Talking With Dan Rather

Truman interviewing Dan Rather
Truman interviewing Dan Rather

Truman interviews Dan Rather at the former news anchor’s home in Austin, Texas.

For 24 years, Dan Rather anchored the CBS Evening News. During that time, he became one of the most well-known journalists in the country. He has interviewed every United States President since Dwight D. Eisenhower, who served in the Oval Office from 1953 until 1961. Rather also covered the civil rights movement in the 1950s and ’60s, and the September 11, 2001, attacks on the U.S.

Until 2005, Rather delivered news stories to television viewers. The 86-year-old journalist has since changed his focus to social media, offering his perspective on news and politics on Facebook, where he has more than 2.7 million followers.

I recently sat down with Rather at his home in Austin, Texas. We talked about his career in journalism and his new book, What Unites Us: Reflections on Patriotism.

Rather was in town for the Texas Book Festival and also starting on a national book tour. In his book, which was co-written with Elliot Kirschner, Rather conveys his deep love for his country, which was instilled in him as a child. Patriotism, according to Rather, “is not only what you love about your country, but also how it can be improved.”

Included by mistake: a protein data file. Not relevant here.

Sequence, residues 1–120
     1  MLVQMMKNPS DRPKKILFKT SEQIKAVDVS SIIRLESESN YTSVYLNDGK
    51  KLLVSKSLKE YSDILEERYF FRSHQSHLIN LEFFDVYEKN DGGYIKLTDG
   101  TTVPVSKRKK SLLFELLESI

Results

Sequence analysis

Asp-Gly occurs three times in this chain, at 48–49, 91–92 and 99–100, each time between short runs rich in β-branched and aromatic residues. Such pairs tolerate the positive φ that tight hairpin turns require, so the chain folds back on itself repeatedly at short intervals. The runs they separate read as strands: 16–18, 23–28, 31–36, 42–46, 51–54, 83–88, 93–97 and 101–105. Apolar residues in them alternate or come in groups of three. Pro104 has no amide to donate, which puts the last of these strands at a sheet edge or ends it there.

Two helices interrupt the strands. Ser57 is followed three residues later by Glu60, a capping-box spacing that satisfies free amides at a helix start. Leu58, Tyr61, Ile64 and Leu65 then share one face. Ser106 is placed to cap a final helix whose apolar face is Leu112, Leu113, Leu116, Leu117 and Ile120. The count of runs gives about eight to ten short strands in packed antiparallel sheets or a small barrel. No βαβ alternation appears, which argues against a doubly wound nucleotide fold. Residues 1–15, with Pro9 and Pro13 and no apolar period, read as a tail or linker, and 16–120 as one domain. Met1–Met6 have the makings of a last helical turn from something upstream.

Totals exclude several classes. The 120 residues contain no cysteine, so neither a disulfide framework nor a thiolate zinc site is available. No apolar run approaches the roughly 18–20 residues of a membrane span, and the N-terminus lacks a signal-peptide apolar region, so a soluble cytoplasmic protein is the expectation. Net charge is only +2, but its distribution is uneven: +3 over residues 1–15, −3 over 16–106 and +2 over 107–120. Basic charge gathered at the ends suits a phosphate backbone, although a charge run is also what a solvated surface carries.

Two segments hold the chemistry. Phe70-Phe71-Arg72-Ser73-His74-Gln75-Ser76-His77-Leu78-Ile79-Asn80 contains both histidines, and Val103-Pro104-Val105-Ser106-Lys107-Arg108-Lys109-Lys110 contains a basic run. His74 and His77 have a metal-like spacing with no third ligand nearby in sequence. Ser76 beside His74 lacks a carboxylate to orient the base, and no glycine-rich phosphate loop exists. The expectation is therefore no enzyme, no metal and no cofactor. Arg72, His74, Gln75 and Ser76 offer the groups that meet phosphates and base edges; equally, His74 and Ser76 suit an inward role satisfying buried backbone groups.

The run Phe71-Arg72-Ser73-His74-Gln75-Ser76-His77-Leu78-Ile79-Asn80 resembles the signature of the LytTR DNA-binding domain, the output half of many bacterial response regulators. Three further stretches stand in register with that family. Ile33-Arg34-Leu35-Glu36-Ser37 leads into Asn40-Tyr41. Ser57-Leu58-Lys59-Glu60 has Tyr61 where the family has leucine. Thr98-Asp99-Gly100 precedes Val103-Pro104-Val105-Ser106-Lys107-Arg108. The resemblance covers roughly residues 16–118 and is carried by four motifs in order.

Dan Rather's new book

A cover image of Dan Rather’s new book


Rather describes the U.S. as a nation “whose destiny and people are always on the move.” He recognizes that we have made mistakes, but also that we have the power to come together to improve and grow.

During my visit, Rather explained that he wanted to write the book, which is already a New York Times bestseller, to start a conversation about what it means to be an American. “We, as a nation, are a product of our work and contributions,” he said. “Have hope, be optimistic, and be a part of something to make the world better.”

Rather believes that true patriotism is demonstrated through compassion, service, and unity. He offers a hopeful outlook to his readers. In addition to his knowledge and awareness, he also displays a sense of humility.

“I have no special wisdom,” Rather said. “But I do have experience that I try to put into perspective for others.”

The book encourages learning from the past, both individually and as a nation. Failure should always teach a lesson, while success should inspire and motivate. Asked his advice for young people, Rather said: “Don’t be afraid to dream, and don’t lose your idealism.”

Top photo courtesy of the author